Published: Tuesday | May 21, 2013 Winston Donald, Guest Columnist
A lecturer at postgrad in the humanities once asked if I was sure that Cubans practised racial discrimination against its black populace. I had to stand up for myself in the class and tell him to read the literature, or to acquaint himself with scholarship on Cuba and resistance. But, it was not odd, despite his sports and humanities background, because many of us are ignorant of the wider happenings in our hemisphere and beyond.
It is with this regard that I must speak on the issue of Mahatma Gandhi. Often, we accuse Europe and white people of racism against people of Africa and African descent. Gandhi was no exception.
Positioning Mahatma Gandhi’s bust at the esteemed Tom Redcam library and the statue at the Mona campus of the University of the West Indies is an insult to our people. Gandhi is today acknowledged as a covert racist. His objectives and aims were to get the best deal as colonised people from the British in South Africa at the expense of black Africans.
The literature on his life attests to the decrying and belittling of Africans who he disgustingly referred to as ‘Kaffirs’, a derogatory word. There is no sainthood in this Indian icon; rather, he was anti-black. Jamaica must be educated and learn sufficiently before we take gifts from “wisemen from the east”.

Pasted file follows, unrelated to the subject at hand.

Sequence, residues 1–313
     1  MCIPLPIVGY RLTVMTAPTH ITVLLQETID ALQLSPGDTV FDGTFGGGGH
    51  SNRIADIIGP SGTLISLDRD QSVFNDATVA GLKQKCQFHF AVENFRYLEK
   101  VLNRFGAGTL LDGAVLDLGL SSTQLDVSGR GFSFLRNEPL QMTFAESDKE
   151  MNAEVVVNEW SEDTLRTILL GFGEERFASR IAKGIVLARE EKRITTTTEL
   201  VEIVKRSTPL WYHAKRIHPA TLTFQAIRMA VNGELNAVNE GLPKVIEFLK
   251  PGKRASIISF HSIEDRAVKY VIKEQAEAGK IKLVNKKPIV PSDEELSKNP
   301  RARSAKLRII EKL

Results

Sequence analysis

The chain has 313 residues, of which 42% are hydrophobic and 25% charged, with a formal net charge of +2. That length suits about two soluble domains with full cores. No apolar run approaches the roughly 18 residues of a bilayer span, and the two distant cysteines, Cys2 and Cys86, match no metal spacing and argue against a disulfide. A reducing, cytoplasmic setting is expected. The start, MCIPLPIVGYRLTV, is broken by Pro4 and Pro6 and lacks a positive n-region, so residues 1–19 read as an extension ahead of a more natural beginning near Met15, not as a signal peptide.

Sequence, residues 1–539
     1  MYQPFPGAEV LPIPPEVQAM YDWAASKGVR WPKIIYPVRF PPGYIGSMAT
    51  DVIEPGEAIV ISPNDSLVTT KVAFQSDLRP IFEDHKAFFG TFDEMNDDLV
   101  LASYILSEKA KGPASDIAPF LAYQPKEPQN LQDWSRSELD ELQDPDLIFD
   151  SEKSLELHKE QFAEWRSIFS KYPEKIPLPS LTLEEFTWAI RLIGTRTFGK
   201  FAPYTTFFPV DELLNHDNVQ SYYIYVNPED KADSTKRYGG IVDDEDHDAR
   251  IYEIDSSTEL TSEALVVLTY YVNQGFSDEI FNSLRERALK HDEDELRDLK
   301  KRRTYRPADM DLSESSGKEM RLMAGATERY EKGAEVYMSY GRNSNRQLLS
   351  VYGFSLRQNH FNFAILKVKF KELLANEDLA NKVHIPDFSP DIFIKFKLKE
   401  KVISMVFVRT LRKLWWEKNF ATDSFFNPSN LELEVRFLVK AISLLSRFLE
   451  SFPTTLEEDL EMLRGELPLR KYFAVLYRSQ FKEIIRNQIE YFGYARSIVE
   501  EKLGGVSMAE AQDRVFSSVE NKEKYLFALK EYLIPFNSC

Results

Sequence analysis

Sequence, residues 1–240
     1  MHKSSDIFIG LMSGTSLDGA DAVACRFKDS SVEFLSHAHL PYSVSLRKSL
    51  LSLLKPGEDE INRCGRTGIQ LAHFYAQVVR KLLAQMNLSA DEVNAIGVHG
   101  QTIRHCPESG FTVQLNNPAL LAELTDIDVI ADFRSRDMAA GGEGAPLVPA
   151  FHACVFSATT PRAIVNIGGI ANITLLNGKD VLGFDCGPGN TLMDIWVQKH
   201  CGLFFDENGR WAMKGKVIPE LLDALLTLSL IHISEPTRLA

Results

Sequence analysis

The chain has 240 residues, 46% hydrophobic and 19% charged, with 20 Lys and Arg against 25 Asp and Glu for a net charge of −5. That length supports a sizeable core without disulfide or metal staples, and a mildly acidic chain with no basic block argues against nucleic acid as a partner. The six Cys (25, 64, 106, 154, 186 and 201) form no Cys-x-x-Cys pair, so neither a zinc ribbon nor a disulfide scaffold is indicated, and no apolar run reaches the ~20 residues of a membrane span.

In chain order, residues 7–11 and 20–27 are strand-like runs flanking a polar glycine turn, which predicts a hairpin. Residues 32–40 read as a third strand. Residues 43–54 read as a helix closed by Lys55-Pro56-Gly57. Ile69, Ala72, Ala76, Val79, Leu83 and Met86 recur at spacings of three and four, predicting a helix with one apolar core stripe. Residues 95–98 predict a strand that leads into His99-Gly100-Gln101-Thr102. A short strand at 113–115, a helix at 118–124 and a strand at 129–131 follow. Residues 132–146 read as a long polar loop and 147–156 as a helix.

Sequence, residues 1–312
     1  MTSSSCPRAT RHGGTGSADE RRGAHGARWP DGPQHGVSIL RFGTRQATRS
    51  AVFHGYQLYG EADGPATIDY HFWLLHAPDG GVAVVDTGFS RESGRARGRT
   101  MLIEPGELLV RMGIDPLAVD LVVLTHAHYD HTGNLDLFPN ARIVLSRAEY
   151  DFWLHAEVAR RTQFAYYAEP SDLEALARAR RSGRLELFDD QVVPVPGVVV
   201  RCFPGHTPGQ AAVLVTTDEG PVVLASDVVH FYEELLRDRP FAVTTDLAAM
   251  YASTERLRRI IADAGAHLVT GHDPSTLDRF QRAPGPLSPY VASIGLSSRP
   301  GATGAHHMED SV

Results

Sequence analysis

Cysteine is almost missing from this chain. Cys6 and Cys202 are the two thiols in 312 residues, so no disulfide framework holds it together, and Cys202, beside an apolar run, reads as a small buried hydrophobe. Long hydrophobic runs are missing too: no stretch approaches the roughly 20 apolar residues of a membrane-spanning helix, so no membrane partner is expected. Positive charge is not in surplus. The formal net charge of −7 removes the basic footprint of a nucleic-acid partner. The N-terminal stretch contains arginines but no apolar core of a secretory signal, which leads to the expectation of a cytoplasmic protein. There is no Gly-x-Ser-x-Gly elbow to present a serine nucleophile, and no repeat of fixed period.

An article by Rory Carol, in the Guardian newspaper of Johannesburg, stated that to [him], Africans were no better than the ‘Untouchables’ of India. Gandhi was quoted at a meeting in Bombay in 1896 saying that Europeans sought to degrade Indians to the level of the “raw Kaffir, whose occupation is hunting and whose sole ambition is to collect a certain number of cattle to buy a wife with, and then pass his life in indolence and nakedness”.
All of Gandhi’s writings and actions while in Africa were biased against the black Africans. United States army colonel G.B. Singh is the author ofGandhi: Behind the Mask of Divinity, which challenged the myth of so-called saintly and non-violent Indian leader. Singh’s book sought to shred Gandhi’s image based on factual information on his prejudices, which even Gandhi’s grandson acknowledged, although playing down Gandhi as one who lived in a “different world”.
SYMBOLS OF PREJUDICE
Sadly, Gandhi failed to acknowledge that thousands of black Africans lived in India long before Europeans came there and also since the arrival of the Portuguese, especially in South India. As a man of intellectual prowess and a lawyer, he must have known or heard of people of African descent living in Gujarat and other areas of west and south India. Undisputedly, they were brought to India mostly as slaves.
It is time to remove the statue and bust – symbols of prejudice – and return them to the Indian High Commission. In nearly every comment and article in the press regarding Gandhi, the Indian High Commission has refused to comment. Why the secrecy? Why the hush-hush?
There are statues of many icons around the world which we can place in our public spaces. We do not need to be reminded of another racist who made it look like Europe was the only continent at fault.